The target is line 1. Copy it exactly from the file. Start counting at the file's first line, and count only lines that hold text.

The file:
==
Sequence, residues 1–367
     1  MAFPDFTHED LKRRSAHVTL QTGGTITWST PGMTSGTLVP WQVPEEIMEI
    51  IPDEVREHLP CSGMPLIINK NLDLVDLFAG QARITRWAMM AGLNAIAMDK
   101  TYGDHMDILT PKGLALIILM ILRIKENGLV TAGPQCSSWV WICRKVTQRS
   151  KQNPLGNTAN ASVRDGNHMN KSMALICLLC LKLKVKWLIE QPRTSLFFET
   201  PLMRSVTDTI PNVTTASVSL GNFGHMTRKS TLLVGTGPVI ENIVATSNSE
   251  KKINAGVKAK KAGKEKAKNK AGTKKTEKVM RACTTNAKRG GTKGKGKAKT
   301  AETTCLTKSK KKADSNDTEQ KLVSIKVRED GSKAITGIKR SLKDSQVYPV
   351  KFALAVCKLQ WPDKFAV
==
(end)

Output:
Sequence, residues 1–367